Id.

8 thoughts on “Constitutionality of Administrative Patent Judges

  1. 4

    Emphasis need be on:

    “In particular, the court invalidated a portion of the statute that limited the PTO’s ability to remove APJs from the board. According to the court, that change was enough to reclassify the PTAB Judges as inferior officers that do not need presidential appointment.”

    The argument here is that THIS action by the judicial branch is ultra vires Because it is the judicial branch rewriting actual law. That the judicial branch — deciding on its own — that this rewrite would be what Congress “really wanted” is part of the problem.

    Our judicial branch has learned the wrong lessons from the Supreme Court — a Court that has fashioned itself to be above the Constitution.

    It still amazes me that attorneys from most all states** do not understand their oath of office and duty to speak out against the denigration of the Constitution, the propriety therein of Checks and Balances, and the action of having all three branches subservient to the Constitution.

    **of any who have engaged in this point, only the oath of office of the Commonwealth of Massachusetts has been provided that even remotely has an argument for a different duty under the attorney oath of office.

  2. 3

    “Impact on Ex Parte Examination”

    Of course Arthrex encompasses ex parte proceedings.

    That Arthrex concerned an IPR trial case as opposed to an ex parte appeal case is a difference without a distinction.

    The facts that matter are these:

    An APJ is an APJ; a principle officer is a principle officer; an inferior officer is an inferior officer; an APJ panel is an APJ panel; adjudication is adjudication; and the severing of federal employee protections in 35 U.S.C. 3(c) is the severing of federal employee protections in 35 U.S.C. 3(c); all whether the APJs are presiding over a trial or over an ex parte appeal.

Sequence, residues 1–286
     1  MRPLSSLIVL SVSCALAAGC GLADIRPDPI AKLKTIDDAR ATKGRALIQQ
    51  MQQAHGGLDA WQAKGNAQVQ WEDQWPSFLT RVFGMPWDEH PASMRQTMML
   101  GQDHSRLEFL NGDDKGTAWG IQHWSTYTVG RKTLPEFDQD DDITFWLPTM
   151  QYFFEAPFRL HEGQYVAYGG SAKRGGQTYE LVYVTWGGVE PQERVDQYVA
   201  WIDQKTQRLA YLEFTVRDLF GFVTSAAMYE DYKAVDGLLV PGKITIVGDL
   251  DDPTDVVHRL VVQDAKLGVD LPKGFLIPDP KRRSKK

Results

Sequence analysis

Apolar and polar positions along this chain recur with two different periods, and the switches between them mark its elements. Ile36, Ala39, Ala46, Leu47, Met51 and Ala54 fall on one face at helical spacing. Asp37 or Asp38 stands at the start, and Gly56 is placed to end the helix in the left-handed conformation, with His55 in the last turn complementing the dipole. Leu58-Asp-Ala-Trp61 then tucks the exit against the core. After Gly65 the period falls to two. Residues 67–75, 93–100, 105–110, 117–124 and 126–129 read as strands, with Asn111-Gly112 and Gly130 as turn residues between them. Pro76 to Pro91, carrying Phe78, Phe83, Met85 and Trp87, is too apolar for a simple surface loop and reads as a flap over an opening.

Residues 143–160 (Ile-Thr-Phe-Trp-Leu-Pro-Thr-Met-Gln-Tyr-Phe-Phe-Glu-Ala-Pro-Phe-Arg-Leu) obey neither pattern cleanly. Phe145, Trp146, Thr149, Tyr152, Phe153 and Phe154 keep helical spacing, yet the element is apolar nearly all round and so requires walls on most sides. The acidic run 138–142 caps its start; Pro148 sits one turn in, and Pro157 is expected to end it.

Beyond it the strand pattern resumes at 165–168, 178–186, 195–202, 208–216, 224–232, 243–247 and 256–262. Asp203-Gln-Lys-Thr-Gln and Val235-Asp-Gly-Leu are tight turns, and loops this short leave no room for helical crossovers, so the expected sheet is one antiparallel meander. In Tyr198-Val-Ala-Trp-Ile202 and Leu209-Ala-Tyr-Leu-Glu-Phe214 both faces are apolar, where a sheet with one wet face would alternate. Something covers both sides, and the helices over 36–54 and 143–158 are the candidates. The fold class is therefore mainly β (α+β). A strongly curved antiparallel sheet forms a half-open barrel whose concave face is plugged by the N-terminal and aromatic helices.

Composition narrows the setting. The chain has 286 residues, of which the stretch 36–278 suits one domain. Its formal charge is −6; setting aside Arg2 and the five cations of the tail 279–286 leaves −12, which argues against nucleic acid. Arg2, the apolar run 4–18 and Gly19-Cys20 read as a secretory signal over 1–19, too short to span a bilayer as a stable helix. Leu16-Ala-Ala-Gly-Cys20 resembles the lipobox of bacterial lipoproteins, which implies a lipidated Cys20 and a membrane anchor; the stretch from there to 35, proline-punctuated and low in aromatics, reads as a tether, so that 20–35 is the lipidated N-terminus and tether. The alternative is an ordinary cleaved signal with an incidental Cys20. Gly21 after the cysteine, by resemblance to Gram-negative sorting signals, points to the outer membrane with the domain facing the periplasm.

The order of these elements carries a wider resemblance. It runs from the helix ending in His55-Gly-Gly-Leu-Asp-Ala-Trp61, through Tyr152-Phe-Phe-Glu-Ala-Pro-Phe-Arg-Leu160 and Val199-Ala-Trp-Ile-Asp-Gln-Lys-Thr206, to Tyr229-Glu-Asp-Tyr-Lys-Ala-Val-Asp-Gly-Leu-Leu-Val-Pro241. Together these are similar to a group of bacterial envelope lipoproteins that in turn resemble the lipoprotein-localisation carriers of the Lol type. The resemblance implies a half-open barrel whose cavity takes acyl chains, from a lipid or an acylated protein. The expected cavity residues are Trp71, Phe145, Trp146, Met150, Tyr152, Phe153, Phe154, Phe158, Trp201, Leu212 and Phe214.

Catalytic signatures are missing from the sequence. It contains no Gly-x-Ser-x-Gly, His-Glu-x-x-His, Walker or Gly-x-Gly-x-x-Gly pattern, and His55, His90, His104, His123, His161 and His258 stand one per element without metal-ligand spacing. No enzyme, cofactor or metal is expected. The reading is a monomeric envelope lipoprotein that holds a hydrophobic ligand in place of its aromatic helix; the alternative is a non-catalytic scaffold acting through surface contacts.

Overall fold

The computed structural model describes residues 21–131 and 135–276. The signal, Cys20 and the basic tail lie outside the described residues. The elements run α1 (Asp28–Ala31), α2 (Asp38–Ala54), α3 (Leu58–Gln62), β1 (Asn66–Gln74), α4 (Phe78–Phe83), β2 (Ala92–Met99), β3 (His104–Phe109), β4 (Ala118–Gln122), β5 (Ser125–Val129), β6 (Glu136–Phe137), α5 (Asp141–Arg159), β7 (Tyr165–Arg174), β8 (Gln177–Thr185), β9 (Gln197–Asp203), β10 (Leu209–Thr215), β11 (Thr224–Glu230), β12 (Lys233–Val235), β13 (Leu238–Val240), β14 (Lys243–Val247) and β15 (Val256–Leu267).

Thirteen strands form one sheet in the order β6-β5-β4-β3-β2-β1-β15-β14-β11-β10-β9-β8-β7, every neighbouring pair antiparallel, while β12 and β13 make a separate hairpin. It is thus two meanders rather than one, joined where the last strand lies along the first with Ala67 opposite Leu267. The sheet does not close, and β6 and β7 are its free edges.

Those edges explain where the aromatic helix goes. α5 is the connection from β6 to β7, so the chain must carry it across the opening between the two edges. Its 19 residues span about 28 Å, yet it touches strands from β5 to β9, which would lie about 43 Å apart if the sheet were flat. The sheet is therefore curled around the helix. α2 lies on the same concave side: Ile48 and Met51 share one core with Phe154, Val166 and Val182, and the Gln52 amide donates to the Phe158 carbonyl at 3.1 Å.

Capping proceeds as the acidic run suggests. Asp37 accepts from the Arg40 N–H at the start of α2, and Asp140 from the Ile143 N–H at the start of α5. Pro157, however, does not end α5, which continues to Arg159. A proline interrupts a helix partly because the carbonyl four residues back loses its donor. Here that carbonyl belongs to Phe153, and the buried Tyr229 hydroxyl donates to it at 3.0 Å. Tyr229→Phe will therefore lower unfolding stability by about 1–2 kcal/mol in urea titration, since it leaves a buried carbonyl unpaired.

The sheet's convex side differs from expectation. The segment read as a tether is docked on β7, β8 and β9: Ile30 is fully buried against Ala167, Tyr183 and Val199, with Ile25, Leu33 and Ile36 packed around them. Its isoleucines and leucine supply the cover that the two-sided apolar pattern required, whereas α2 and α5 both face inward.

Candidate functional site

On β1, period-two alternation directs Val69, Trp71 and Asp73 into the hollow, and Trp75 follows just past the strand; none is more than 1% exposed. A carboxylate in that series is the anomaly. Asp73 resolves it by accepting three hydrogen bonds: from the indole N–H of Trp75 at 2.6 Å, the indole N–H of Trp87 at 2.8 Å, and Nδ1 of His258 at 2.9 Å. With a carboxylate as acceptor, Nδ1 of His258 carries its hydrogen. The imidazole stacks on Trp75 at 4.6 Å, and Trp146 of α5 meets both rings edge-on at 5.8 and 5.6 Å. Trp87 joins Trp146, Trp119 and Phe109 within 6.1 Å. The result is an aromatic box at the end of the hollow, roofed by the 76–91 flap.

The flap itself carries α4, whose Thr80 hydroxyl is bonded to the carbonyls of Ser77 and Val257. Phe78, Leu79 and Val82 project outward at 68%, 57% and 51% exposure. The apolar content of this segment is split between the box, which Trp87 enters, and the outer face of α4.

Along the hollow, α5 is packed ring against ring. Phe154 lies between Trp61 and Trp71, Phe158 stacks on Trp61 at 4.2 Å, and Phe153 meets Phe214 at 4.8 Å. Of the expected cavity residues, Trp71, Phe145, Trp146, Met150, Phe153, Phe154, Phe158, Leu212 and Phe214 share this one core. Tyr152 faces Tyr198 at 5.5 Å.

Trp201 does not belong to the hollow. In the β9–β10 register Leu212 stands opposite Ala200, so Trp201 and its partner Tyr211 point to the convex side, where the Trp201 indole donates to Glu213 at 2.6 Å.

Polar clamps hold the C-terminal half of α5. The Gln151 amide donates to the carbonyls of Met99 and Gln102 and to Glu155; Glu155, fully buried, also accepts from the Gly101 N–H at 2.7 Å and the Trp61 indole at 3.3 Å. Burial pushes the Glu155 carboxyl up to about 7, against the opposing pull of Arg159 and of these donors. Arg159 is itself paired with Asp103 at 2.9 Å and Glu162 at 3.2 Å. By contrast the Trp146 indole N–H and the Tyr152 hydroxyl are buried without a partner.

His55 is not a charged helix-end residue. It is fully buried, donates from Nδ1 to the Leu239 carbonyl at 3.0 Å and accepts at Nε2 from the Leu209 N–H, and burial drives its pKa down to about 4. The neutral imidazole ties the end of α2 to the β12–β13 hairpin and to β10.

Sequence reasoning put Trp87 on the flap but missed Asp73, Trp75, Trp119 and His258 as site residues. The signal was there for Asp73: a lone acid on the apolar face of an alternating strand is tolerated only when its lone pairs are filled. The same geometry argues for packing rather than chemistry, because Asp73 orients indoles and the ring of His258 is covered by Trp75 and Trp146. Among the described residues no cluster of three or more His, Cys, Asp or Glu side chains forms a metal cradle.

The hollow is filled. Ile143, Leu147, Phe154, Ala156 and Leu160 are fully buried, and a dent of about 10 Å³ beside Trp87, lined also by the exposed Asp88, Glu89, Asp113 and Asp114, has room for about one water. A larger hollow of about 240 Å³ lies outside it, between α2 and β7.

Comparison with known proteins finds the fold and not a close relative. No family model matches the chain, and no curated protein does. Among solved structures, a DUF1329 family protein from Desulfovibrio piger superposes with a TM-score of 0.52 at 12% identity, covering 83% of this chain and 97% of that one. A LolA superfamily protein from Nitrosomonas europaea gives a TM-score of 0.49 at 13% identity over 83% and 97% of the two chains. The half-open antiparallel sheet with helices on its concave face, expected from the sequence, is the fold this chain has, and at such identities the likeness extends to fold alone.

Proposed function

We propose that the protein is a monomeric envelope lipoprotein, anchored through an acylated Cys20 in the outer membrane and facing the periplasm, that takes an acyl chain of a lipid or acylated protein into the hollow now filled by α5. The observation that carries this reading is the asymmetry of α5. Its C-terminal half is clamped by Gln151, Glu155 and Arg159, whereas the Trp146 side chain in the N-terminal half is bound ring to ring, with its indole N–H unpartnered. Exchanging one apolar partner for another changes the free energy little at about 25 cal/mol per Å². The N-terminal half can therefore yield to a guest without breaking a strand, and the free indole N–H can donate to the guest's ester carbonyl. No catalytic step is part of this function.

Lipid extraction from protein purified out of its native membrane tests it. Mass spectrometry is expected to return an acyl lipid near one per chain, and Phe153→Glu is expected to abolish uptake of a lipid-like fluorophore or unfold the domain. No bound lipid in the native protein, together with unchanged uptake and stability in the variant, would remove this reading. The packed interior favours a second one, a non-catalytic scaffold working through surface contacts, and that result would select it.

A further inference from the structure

Their status does not change with their function.

    No room for “trial APJs” separate from “ex parte APJs.”

    They all make critically important decisions concerning inventions; and in both cases their decisions are appealable to the CAFC.

    Due to no fault of their own, they were all unconstitutionally appointed.

    And there’s certainly no legal or other basis for APJs to be flip-flopped between principle officers and inferior officers depending on which type of case they’re rendering a decision on.

    Notably, the Court in Arthrex made no such trial / ex parte distinction.

    There are only two choices here: Either none of the APJs are / were principle officers, or they all are / were. Either all APJs were constitutionally appointed, or none of them were.

    Arthrex answered both questions.

    1. 3.1

      +1

  3. 2

    From the write-up:

    The interesting aspect of the decision the concurring opinion by Judge Hughes and joined by Judge Wallach. The pair concluded that they were bound by the prior panel decision in Arthrex, but “disagree with the merits” of the holding.

    Why now? Why here?